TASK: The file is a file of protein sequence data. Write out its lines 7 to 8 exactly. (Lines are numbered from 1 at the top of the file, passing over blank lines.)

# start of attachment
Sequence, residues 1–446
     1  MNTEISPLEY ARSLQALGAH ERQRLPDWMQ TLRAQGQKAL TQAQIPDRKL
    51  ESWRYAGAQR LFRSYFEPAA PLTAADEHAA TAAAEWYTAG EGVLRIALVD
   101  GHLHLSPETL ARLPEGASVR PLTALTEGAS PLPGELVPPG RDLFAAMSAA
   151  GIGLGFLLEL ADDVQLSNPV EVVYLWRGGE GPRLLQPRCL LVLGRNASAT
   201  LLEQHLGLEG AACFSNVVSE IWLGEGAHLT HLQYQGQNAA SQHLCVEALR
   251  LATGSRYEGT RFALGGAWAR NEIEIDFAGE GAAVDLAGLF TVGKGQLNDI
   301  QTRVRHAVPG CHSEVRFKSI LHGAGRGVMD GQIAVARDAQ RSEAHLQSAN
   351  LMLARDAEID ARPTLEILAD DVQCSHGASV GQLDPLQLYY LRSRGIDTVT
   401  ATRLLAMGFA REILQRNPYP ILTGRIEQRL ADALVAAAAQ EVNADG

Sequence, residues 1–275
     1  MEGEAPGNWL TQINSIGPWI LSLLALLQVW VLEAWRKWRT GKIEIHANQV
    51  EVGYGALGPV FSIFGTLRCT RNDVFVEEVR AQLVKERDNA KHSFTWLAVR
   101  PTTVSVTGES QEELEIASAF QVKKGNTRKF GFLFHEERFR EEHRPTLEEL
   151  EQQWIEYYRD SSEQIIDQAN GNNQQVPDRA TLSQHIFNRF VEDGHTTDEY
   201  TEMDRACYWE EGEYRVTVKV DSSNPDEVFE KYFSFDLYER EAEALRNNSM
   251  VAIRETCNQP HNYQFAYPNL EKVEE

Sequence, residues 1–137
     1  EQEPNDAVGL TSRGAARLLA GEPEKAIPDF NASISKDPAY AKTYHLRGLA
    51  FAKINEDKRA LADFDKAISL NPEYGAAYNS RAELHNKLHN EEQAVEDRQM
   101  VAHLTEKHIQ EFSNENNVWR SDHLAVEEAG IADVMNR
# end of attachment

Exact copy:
   251  LATGSRYEGT RFALGGAWAR NEIEIDFAGE GAAVDLAGLF TVGKGQLNDI
   301  QTRVRHAVPG CHSEVRFKSI LHGAGRGVMD GQIAVARDAQ RSEAHLQSAN